A proof of the ordinary Gleason-Kahane-Żelazko theorem for complex functionals

(Gleason-Kahane-Żelazko)If $\phi$ is a complex linear functional on a unitary Banach algebra $A$, such that $\phi(e)=1$ and $\phi(x) \neq 0$ for every invertible $x \in A$, thenNamely, $\phi$ is a complex homomorphism.

Suppose $A$ is a complex unitary Banach algebra and $\phi: A \to \mathbb{C}$ is a linear functional which is not identically $0$ (for convenience), and if

for all $x \in A$ and $y \in A$, then $\phi$ is called a *complex homomorphism* on $A$. Note that a unitary Banach algebra (with $e$ as multiplicative unit) is also a ring, so is $\mathbb{C}$, we may say in this case $\phi$ is a ring-homomorphism. For such $\phi$, we have an instant proposition:

Proposition 0$\phi(e)=1$ and $\phi(x) \neq 0$ for every invertible $x \in A$.

*Proof.* Since $\phi(e)=\phi(ee)=\phi(e)\phi(e)$, we have $\phi(e)=0$ or $\phi(e)=1$. If $\phi(e)=0$ however, for any $y \in A$, we have $\phi(y)=\phi(ye)=\phi(y)\phi(e)=0$, which is an excluded case. Hence $\phi(e)=1$.

For invertible $x \in A$, note that $\phi(xx^{-1})=\phi(x)\phi(x^{-1})=\phi(e)=1$. This can’t happen if $\phi(x)=0$. $\square$

The theorem reveals that Proposition $0$ actually characterizes the complex homomorphisms (ring-homomorphisms) among the linear functionals (group-homomorphisms).

This theorem was proved by Andrew M. Gleason in 1967 and later independently by J.-P. Kahane and W. Żelazko in 1968. Both of them worked mainly on commutative Banach algebras, and the non-commutative version, which focused on complex homomorphism, was by W. Żelazko. In this post we will follow the third one.

Unfortunately, one cannot find an educational proof on the Internet with ease, which may be the reason why I write this post and why you read this.

Following definitions of Banach algebra and some logic manipulation, we have several equivalences worth noting.

(Stated by Gleason)Let $M$ be a linear subspace of codimension one in a commutative Banach algebra $A$ having an identity. Suppose no element of $M$ is invertible, then $M$ is an ideal.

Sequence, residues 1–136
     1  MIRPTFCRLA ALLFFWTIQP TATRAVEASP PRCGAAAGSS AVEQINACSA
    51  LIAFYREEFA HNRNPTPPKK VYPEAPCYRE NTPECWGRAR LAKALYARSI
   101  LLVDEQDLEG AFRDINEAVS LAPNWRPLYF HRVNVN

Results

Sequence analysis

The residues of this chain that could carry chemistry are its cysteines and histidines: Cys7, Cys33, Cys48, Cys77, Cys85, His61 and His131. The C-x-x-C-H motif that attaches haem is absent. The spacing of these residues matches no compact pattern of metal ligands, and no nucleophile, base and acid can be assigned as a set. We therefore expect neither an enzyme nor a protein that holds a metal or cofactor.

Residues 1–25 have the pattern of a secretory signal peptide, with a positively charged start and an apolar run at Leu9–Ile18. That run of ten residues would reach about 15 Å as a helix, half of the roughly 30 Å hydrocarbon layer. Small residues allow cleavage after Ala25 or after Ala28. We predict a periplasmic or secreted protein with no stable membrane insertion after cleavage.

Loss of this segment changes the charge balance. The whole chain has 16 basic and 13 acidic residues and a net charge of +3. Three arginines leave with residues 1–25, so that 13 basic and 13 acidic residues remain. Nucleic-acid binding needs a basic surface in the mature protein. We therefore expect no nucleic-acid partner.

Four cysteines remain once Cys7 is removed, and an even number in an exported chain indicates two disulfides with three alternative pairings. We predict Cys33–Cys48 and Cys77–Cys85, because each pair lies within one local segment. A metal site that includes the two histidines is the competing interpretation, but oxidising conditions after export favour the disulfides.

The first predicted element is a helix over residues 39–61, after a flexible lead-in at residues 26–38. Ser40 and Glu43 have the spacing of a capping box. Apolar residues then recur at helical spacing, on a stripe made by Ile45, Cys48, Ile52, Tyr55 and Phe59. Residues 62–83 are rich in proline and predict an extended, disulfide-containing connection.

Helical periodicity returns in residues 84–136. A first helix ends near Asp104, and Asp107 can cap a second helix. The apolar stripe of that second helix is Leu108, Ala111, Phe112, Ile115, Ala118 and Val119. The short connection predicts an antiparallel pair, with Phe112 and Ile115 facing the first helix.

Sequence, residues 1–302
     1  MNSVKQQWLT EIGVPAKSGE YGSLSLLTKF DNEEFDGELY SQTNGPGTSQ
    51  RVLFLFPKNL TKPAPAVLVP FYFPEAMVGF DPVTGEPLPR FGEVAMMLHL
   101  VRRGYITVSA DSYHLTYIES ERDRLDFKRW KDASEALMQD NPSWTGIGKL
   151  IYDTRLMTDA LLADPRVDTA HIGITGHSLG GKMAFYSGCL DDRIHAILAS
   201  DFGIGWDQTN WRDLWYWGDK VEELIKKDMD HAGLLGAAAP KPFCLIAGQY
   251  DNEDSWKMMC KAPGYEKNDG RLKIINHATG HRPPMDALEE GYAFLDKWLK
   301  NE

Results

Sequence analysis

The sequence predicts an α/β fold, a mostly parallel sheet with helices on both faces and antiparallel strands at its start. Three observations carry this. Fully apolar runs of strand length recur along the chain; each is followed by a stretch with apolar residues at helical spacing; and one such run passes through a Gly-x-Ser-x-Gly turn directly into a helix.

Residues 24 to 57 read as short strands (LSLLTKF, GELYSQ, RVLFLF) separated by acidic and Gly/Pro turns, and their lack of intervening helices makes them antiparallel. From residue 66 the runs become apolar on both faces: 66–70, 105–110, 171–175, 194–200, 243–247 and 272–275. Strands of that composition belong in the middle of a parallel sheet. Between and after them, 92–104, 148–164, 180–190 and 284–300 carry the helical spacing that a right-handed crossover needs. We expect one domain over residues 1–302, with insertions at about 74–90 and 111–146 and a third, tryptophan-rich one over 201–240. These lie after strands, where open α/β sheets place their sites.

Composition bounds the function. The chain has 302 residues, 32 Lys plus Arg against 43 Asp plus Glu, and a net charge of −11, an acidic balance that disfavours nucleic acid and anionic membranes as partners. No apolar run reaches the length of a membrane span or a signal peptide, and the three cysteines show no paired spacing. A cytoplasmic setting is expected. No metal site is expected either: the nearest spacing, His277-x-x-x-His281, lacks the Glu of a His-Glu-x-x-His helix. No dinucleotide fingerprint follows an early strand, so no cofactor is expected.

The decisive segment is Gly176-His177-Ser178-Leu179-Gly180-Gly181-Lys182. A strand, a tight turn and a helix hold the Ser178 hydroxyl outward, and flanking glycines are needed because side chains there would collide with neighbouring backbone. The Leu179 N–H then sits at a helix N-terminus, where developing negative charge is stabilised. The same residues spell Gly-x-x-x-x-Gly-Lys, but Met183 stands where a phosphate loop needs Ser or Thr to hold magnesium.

(Stated by Kahane and Żelazko)A subspace $X \subset A$ of codimension $1$ is a maximal ideal if and only if it consists of non-invertible elements.

(Stated by Kahane and Żelazko)Let $A$ be a commutative complex Banach algebra with unit element. Then a functional $f \in A^\ast$ is a multiplicative linear functional if and only if $f(x)=\sigma(x)$ holds for all $x \in A$.

Here $\sigma(x)$ denotes the spectrum of $x$.

Clearly any maximal ideal contains no invertible element (if so, then it contains $e$, then it’s the ring itself). So it suffices to show that it has codimension 1, and if it consists of non-invertible elements. Also note that every maximal ideal is the kernel of some complex homomorphism. For such a subspace $X \subset A$, since $e \notin X$, we may define $\phi$ so that $\phi(e)=1$, and $\phi(x) \in \sigma(x)$ for all $x \in A$. Note that $\phi(e)=1$ holds if and only if $\phi(x) \in \sigma(x)$. As we will show, $\phi$ has to be a complex homomorphism.

Lemma 0Suppose $A$ is a unitary Banach algebra, $x \in A$, $\lVert x \rVert<1$, then $e-x$ is invertible.

This lemma can be found in any functional analysis book introducing Banach algebra.

Lemma 1Suppose $f$ is an entire function of one complex variable, $f(0)=1$, $f’(0)=0$, andfor all complex $\lambda$, then $f(\lambda)=1$ for all $\lambda \in \mathbb{C}$.

Note that there is an entire function $g$ such that $f=\exp(g)$. It can be shown that $g=0$. Indeed, if we put